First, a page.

Casket draped in lion and leopard skins for late AmaXhosa king Mpendulo Sigcawu
Thousands of mourners in full traditional attire and from all walks of life, including President Cyril Ramaphosa, gathered on Friday at the Nqadu Great Place, outside Idutywa in the Eastern Cape, to pay their last respects to the late AmaXhosa king Mpendulo Zwelonke Sigcawu.
Sigcawu, who died at Nelson Mandela Academic Hospital in Mthatha after a long illness, assumed the mantle of monarchy on January 24 2006 after the death of his father, king Xolilizwe Sigcawu, on December 31 2005.
Zwelonke was the 22nd Xhosa monarch and the 10th in the lineage of Gcaleka, the great house of King Phalo.
In 2010 Zwelonke was declared legitimate king of all AmaXhosa by former president Jacob Zuma after a determination of the Commission on Traditional Leadership Disputes and Claims, also known as the Nhlapo Commission, which probed the authenticity of traditional leaders in SA.
About 4am on Friday, Sigcawu's body was collected by senior AmaXhosa traditional leaders at a secret mortuary in Idutywa.
On arrival at the Great Place, his body was taken to the main house, as tradition dictates, where he was welcomed by his four wives, eight children, family elders and other senior traditional leaders.
His casket was then draped in a lion and a leopard skin.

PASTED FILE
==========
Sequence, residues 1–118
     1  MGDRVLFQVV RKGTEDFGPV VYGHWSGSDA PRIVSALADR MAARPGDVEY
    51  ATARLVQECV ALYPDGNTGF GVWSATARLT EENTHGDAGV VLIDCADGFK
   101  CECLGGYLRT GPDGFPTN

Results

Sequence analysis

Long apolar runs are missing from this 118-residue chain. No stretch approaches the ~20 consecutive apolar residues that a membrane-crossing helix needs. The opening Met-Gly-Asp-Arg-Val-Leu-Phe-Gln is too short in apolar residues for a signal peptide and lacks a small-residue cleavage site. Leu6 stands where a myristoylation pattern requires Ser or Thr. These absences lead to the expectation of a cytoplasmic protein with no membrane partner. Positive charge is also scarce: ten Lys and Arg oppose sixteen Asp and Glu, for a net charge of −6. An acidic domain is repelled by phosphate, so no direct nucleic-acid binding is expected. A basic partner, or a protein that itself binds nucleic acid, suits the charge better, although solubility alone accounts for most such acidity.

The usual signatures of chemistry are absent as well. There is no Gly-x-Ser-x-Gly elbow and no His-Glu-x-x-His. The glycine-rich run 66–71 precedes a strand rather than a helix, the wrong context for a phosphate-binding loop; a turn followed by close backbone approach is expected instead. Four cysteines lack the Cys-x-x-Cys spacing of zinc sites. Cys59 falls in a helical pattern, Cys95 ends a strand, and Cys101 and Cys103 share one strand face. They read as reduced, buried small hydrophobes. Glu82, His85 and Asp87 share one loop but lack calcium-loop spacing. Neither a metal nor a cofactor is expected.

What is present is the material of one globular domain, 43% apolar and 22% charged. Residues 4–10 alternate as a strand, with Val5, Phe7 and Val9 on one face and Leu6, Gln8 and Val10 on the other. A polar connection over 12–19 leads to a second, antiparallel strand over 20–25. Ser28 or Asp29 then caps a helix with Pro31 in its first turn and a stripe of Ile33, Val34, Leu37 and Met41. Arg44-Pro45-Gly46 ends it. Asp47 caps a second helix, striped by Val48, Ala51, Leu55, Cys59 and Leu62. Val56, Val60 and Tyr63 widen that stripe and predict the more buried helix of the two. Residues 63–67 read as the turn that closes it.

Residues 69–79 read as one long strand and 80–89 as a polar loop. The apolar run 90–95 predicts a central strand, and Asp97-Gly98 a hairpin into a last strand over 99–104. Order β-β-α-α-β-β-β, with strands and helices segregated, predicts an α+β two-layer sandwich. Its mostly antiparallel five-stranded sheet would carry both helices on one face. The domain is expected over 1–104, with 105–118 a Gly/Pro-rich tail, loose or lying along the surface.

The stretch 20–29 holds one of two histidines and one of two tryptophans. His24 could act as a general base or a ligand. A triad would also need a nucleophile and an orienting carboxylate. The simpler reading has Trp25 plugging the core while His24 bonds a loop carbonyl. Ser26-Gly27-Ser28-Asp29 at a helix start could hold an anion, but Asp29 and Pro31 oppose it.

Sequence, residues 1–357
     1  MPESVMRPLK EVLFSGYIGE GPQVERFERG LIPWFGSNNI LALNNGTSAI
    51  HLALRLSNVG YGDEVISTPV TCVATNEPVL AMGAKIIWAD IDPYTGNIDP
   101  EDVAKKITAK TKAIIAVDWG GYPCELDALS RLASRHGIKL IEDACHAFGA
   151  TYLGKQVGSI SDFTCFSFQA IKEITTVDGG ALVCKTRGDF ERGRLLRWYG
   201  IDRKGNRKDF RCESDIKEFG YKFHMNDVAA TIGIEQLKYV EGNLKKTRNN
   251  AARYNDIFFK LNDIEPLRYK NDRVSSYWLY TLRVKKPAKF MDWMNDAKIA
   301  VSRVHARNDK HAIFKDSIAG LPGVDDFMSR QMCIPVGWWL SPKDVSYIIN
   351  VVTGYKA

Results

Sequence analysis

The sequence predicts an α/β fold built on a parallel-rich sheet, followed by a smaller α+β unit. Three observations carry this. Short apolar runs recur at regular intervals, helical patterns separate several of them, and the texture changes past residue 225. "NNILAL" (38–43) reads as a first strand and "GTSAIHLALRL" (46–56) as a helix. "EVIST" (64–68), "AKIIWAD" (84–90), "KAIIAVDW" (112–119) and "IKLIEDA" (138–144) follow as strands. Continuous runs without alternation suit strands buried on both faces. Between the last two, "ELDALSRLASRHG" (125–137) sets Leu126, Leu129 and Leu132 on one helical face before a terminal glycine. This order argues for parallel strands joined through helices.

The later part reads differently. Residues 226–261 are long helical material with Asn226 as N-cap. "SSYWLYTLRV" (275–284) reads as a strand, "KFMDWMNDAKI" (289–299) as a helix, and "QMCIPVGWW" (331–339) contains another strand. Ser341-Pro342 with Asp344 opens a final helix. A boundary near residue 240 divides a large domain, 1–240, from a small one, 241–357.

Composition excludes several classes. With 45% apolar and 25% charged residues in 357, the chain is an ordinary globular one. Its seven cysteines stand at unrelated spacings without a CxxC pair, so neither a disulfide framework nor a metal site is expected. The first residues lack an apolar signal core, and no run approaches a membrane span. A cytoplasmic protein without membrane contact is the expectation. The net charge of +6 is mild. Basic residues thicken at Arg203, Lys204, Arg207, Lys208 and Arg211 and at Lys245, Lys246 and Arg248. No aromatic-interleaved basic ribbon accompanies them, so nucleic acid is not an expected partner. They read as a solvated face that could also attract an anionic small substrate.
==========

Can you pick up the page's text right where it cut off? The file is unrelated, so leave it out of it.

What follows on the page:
This was followed by a two-hour church service, named “ucoceka”, before his entire family could view his body.
Sigcawu, 51, was involved in a serious car accident just three weeks before his death. The accident, however, has not been attributed as the cause of death.
Present at the king's funeral were former state president Thabo Mbeki, Eastern Cape premier Oscar Mabuyane, the Ndebele kingdom's king Makhosonke Mabena, Lesotho kingdom's Morena Seeiso Masupha, all six Eastern Cape kings, western Thembu leader Ngangomhlaba Matanzima, Nkosi Phathekile Holomisa, AmaRharhabe Queen Noloyiso Sandile and many other local chiefs.
The military spent days preparing for the special official funeral. Seven marquees have been erected to accommodate thousands of mourners.
Military marshall Lulamile Nontshinga said they are well prepared for the thousands of mourners.
“As the defence force, we are responsible for the military theme. The bikes are for the military police who are responsible for escorting the coffin and for the very important people in attendance. They are also responsible for controlling people who will be coming in.
"I can confirm that we are ready,” said Nontshinga.